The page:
On Evangelical Bigotry

I’ve obscured a couple of identifying details in the interest of discretion, but here is a true story.

Just before I came out in my mid-twenties, I had preached several sermons at a church where some close friends of mine attended. Those sermons had been warmly received, and many people who heard them encouraged me to continue seeking to discern whether I had a calling to pastoral ministry.

Then I came out.

I did it, perhaps unwisely, in one fell swoop — by writing an essay for a Christian magazine that was eventually posted online. Soon thereafter, I heard from the leaders of this church that some prominent members were unhappy. Why, they wondered, had I been allowed to preach if the leadership had known I was gay? Well, it turned out, the leadership hadn’t known I was gay. I had kept that to myself for fear of just this kind of response. But I had been celibate in obedience to what I believed God, through Scripture, was asking of me, and, rightly or wrongly, I hadn’t a need to disclose my sexual orientation.

That, apparently, wasn’t good enough for these members. They told the leaders that I was living in violation of Romans 1:26-27 — which, according to their reading, condemned not just gay actions (which I was refraining from) but also gay affections (which, they argued, I wasn’t) — and they ended up leaving the church over the leaders’ failure to censure me.

I thought of this story again this week while reading the Catholic Matthew Walther’s (maddening!) broadside against the alliance between Catholics and evangelical Protestants. In his column, Walther says this:

Among evangelicals, who only recently decided that abortion should be illegal and in many cases grant so-called “exceptions” that permit the murder of children so long as they were conceived in sufficiently barbarous circumstances, this opposition is a crudely fideistic, if welcome, development. It exists in complete isolation from the other propositions about human nature that for Catholics make it comprehensible. This is why it is also difficult to make sense of the Protestant strictures against homosexuality except as a species of bigotry, appearing as it does against a backdrop of tacit, and at times explicit, approval of divorce, concubinage, contraception, and other disordered practices within marriage, fornication, and self-abuse.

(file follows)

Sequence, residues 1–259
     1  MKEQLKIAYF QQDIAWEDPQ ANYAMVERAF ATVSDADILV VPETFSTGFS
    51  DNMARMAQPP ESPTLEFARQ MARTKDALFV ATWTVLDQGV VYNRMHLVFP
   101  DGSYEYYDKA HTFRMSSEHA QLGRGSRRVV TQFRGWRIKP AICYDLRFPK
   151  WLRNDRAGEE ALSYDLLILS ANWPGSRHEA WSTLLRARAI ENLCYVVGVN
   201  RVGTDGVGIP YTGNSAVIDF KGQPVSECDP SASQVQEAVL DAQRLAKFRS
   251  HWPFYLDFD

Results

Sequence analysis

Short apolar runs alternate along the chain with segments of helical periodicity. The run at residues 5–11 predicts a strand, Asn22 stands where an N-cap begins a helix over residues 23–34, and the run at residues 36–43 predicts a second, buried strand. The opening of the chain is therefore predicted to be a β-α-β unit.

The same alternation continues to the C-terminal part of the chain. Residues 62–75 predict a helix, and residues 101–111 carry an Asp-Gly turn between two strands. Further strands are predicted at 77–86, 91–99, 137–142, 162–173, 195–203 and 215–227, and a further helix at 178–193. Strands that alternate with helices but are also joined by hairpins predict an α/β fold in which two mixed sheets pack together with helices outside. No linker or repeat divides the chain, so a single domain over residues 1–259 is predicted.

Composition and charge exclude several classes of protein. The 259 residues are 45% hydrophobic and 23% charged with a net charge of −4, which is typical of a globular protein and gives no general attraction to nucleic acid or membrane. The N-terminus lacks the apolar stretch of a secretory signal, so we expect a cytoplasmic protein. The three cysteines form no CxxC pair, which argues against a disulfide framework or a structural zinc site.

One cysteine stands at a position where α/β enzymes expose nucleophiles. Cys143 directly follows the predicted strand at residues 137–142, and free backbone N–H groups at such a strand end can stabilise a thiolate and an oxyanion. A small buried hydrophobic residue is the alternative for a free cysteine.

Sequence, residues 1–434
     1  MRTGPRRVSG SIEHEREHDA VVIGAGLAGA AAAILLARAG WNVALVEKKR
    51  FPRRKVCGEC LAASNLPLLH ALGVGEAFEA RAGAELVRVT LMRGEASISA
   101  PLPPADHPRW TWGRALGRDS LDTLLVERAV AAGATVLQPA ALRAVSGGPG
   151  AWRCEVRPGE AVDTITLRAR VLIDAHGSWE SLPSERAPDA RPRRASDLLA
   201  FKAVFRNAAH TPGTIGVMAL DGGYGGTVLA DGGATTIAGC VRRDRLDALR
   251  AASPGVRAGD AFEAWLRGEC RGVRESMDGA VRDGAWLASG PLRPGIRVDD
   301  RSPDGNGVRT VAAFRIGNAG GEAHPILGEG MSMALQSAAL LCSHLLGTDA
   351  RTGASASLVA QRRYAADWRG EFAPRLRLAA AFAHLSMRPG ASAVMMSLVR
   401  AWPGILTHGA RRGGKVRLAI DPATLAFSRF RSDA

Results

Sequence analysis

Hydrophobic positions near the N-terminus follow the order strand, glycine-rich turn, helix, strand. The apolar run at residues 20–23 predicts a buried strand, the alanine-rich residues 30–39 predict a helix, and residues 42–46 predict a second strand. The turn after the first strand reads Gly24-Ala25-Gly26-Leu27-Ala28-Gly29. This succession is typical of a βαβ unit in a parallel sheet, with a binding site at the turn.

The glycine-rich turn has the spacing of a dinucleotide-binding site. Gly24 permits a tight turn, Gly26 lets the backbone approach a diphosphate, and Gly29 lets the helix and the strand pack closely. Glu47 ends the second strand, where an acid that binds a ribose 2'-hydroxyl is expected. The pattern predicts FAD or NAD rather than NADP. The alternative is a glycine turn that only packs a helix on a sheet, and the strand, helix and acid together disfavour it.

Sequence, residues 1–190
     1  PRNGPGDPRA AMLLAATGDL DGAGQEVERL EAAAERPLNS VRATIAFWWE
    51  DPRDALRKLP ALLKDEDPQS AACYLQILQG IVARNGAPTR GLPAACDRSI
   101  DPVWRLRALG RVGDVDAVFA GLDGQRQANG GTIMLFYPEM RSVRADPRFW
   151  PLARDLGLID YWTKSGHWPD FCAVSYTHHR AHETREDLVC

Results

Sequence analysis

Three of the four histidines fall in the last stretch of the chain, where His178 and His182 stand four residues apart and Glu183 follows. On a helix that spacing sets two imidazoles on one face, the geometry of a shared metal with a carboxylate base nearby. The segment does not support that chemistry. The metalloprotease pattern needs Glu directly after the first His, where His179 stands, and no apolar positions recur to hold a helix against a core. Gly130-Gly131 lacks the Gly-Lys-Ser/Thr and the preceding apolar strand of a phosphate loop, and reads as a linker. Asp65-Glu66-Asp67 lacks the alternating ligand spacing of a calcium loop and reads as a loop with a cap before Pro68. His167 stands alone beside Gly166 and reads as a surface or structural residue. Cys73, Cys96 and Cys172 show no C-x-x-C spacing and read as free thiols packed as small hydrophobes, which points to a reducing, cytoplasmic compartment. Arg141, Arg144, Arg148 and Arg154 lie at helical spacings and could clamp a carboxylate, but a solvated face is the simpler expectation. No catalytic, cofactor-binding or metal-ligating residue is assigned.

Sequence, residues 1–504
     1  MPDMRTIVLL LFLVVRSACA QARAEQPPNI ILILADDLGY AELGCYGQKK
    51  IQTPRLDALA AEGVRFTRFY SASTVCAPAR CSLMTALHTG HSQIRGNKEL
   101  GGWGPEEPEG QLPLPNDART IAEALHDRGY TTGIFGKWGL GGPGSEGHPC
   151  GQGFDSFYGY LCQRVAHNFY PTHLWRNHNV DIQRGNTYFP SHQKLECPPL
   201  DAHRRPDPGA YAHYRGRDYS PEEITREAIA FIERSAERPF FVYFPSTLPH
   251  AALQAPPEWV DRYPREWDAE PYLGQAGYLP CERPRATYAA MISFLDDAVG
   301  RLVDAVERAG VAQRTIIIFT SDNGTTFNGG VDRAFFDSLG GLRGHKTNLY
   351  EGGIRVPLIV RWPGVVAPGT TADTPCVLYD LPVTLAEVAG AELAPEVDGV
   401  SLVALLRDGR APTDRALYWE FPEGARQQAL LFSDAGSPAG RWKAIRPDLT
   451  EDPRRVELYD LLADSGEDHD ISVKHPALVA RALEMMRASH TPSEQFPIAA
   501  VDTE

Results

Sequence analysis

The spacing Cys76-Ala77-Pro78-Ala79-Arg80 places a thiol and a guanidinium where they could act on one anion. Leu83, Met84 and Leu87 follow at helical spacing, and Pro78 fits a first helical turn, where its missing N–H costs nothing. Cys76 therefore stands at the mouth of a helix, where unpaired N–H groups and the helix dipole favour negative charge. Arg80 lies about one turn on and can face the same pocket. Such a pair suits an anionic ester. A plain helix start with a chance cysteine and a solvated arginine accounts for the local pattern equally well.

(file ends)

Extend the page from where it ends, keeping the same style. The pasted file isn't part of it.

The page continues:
Though I think this is wildly unfair and culpably ignorant of the many theologically coherent evangelical Protestant responses to the so-called “Sexual Revolution,” I also think Walther’s punch does land in some instances like the one I recounted above. When those members left their church over the sexual orientation of one of their guest preachers (i.e., me), there wasn’t, I gather, any serious attempt on their part to reckon with what discipleship should look like for someone like me who was endeavoring to be faithful to Scripture’s commands while remaining unable to change my orientation from gay to straight. Their moral theology of homosexuality amounted to simple proof-texting: there was a straight line (no pun intended) from Romans 1 to my heart, with nary a thought for the divorced and remarried couples (for example) who shared the same pews with them.

What Walther says in his column was echoed a while back by one of Rod Dreher’s correspondents, an ex-evangelical who put her finger on the fact that much (certainly not all) evangelical opposition to homosexuality does boil down to bigotry in the absence of any coherent theological account of what sex difference and sexual union is for:

In all the years I was a member, my evangelical church made exactly one argument about SSM. It’s the argument I like to call the Argument from Ickiness:  Being gay is icky, and the people who are gay are the worst kind of sinner you can be.  Period, done, amen, pass the casserole.

When you have membership with no theological or doctrinal depth that you have neglected to equip with the tools to wrestle with hard issues, the moment ickiness no longer rings true with young believers, their faith is destroyed.  This is why other young ex-evangelicals I know point as their “turning point” on gay marriage to the moment they first really got to know someone who was gay.  If your belief on SSM [“same-sex marriage”] is based on a learned disgust at the thought of a gay person, the moment a gay person, any gay person, ceases to disgust you, you have nothing left.  In short, the anti-SSM side, and really the Christian side of the culture war in general, is responsible for its own collapse.  It failed to train up the young people on its own side preferring instead to harness their energy while providing them no doctrinal depth by keeping them in a bubble of emotion dependent on their never engaging with the outside world on anything but warlike terms.  Perhaps someday my fellow ex-evangelical Millennials and I will join other churches, but it will be as essentially new Christians with no religious heritage from our childhoods to fall back on.

That “ick factor,” I think, is precisely the kind of bigotry Walther is calling out among us evangelicals.